DHSS tightens public health center services amid cuts

State budget cuts will set some limits on access to services at Alaska’s public health clinics.

The Alaska Department of Health and Social Services’ Section of Public Health Nursing took a 20 percent budget cut in the final fiscal year 2017 budget. In combination with the cuts from fiscal year 2016’s budget, the Section of Public Health Nursing has lost 25 percent of its funding in two years. The repeated decreases have resulted in staff reductions.

The state’s 19 public health centers provide services like sexually transmitted infection checks, welfare exams for children, and immunizations, among other services, and are staffed by public health nurses.

To accommodate the staff reductions, the public health centers will change the parameters for five services. Immunizations, reproductive health and STI screenings will only be available for those 29 or younger, STI contact screenings will only be available to pregnant women, and child health and well child exams will only be available for children 6 or younger, according to a letter circulated from the Kenai Public Health center. The changes go into effect immediately.

Statewide, 31 positions were eliminated from the Section of Public Health Nursing. Half of those were already vacant, but the rest will have to be laid off. In Kenai, the Public Health Center was able to plan for the layoffs by not filling positions when they came open, said Kenai Peninsula Nurse Manager Leslie Felts.

“This part of the state section of public health nursing realized its cuts due to people leaving, not refilling positions as opposed to laying people off,” Felts said. “We’ve been very lucky.”

Other parts of the state were not so lucky — staff had to be laid off, and some centers do not have a public health nurse at all, such as Cordova, Haines and Wrangell. The Section of Public Health Nursing will try to cover the services there with traveling nurses from other areas, said Jerry Troshynski, the regional nurse manager for Southcentral Alaska.

“It’s not ideal, but it’s the best we can do,” Troshynski said. “We experienced about a 20 percent budget cut this year. Most of our budget is staffing. That’s what we do. That’s our product as public health nurses. It’s impossible to lose that much of your budget and not impact services.”

In the process of determining where to cut, the department’s administrators tried to reduce the individual services they felt would least impact the most vulnerable people, he said.

Individual services are not the only services public health nurses provide. Troshynski described their role as a three-legged stool: individual services, community services such as education and communicable disease prevention, and systems changes, such as implementing the statewide vaccine registry. While the individual services are the most readily recognizable service public health nurses provide, the others are part of a larger role as well, he said.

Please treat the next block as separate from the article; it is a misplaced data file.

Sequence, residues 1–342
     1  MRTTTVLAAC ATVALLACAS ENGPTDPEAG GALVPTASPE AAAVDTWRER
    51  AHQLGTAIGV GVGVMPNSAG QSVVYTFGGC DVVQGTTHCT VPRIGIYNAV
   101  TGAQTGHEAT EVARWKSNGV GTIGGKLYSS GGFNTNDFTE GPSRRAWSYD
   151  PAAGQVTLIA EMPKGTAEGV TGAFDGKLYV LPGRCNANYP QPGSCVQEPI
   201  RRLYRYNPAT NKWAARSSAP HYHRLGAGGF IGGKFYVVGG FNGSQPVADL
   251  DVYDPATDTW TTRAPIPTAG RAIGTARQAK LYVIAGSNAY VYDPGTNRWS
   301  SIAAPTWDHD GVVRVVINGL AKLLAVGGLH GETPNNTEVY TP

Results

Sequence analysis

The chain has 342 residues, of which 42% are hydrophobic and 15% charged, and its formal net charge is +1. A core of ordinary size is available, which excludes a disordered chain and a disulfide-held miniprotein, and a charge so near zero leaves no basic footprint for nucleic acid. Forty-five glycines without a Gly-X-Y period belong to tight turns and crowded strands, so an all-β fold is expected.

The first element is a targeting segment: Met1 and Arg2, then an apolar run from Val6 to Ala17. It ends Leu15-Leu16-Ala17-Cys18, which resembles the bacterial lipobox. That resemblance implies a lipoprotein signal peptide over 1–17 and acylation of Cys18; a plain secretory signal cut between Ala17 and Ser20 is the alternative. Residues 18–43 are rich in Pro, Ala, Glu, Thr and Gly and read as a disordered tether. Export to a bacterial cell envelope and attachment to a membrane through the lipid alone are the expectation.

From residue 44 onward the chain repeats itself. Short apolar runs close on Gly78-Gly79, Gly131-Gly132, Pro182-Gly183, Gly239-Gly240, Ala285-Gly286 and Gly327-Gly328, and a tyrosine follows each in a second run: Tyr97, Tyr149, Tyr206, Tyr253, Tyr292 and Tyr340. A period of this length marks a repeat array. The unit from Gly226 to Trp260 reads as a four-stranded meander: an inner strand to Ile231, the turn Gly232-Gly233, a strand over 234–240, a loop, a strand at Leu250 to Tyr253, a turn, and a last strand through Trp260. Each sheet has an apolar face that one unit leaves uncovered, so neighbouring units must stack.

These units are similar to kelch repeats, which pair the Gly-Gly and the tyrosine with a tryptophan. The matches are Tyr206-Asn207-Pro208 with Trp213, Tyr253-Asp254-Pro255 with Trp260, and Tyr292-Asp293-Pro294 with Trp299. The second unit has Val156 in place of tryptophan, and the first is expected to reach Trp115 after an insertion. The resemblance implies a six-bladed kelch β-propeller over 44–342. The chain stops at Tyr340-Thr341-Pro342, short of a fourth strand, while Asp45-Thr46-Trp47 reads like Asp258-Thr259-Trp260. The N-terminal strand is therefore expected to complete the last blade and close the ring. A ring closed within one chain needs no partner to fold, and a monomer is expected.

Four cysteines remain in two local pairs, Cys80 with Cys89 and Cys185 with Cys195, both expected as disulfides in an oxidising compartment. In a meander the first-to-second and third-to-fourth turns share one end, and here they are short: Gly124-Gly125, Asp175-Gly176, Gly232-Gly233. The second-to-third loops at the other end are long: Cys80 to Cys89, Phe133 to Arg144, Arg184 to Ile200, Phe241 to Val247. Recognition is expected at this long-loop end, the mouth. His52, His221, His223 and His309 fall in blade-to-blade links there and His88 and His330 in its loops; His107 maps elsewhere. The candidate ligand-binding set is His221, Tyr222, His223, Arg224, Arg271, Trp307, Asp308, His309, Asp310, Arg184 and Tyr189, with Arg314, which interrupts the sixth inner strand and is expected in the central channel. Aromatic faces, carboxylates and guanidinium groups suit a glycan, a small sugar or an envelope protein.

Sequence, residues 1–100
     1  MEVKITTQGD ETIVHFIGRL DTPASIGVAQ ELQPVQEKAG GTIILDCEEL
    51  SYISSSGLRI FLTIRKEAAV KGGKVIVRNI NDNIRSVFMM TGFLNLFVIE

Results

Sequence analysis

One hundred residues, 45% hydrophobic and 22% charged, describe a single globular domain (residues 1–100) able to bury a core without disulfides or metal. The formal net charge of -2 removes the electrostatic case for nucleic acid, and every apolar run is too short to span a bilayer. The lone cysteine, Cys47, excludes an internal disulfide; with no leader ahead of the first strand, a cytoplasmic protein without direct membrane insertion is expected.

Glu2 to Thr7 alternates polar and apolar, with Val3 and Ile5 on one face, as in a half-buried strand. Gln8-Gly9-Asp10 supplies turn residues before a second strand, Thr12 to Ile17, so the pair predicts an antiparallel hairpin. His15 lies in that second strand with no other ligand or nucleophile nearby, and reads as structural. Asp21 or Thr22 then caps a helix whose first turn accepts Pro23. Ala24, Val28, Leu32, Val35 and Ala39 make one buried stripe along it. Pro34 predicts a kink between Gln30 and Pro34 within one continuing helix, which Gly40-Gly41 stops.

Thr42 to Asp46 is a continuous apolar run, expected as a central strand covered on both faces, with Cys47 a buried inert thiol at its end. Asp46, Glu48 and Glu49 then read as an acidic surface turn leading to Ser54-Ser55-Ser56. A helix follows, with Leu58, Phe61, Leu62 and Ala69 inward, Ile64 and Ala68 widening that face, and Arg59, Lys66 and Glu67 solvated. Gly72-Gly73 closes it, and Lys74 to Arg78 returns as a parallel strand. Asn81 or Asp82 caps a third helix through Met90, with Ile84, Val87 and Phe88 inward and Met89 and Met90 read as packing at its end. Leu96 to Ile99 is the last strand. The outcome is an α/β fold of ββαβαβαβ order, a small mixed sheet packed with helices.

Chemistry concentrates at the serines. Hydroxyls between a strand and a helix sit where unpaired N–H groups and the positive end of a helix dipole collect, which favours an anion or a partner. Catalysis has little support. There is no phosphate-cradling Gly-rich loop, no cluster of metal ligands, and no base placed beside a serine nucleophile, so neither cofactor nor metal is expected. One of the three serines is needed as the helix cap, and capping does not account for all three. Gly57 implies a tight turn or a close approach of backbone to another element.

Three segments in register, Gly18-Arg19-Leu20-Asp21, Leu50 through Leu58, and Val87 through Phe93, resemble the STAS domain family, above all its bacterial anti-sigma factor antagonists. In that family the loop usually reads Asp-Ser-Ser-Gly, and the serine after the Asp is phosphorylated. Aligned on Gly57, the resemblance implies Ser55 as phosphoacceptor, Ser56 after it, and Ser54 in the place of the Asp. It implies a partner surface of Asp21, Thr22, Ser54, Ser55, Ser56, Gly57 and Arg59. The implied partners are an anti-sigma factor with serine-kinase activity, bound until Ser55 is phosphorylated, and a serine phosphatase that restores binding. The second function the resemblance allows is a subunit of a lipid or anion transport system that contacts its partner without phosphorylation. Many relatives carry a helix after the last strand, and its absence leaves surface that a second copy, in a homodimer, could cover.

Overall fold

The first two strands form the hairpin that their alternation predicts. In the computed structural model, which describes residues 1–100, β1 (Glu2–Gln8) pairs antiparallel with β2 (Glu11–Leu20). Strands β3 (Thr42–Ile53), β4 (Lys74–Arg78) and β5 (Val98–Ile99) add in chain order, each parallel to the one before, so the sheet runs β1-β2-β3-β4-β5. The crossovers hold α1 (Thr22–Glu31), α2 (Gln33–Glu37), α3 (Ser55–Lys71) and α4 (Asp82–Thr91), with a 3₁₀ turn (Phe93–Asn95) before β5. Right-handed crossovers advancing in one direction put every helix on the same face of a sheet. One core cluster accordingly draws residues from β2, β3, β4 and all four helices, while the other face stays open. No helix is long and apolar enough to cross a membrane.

Public health centers are part of a health safety net for the most vulnerable populations, but the nurses will always try to direct people to a medical home with primary care providers in the community, he said.

“The relationship has always been strong with (community primary care providers in Kenai),” Troshynski said. “I think it will continue to be strong and we’ll work with them to try to do the best job of providing services as we can.”

Felts said the Kenai Public Health Center staff would try to engage in more community events, such as education at schools, in the future, and host events like the upcoming back-to-school vaccination clinic on Aug. 13.

“We’re just glad to still be able to provide services to all of our communities, and we are still considering ourselves part of the safety net,” Felts said.

The reductions to the Section of Public Health Nursing are among a set of other reductions to the Department of Health and Social Services that came down from the state budget discussions. The department announced earlier in July that it will discontinue its heating assistance program for low-income households. The department has also requested a feasibility study for privatizing four of its youth detention facilities to reduce expenses. For the second year, the department will not make inflation adjustments to the state’s Medicaid program because of “significant fiscal challenges,” according to an announcement issued May 31.

The department has also trimmed some of the public assistance for Alaskans older than 65 who have low to moderate incomes. In March 2016, payments for seniors in the highest eligible income bracket were cut from $125 to $47 per month; some was restored for fiscal year 2017 to that income bracket, though they will receive $76 per month instead of the full $125. About 44.9 percent or 5,318 of the recipients fall into the highest bracket, according to a June 30 fact sheet issued by the Department of Health and Social Services.

A phrase included under the Public Health Nursing section of House Bill 256, the appropriations bill for fiscal year 2017, states that “it is the intent of the legislature that, where possible, Public Health Nursing charge for services provided.” The Legislature included a similar phrase in the bill for fiscal year 2016, urging the Division of Public Health to “evaluate and implement strategies to maximize collections for billable services where possible.”

Elizabeth Earl is a reporter for the Peninsula Clarion. She can be reached at elizabeth.earl@peninsulaclarion.com.

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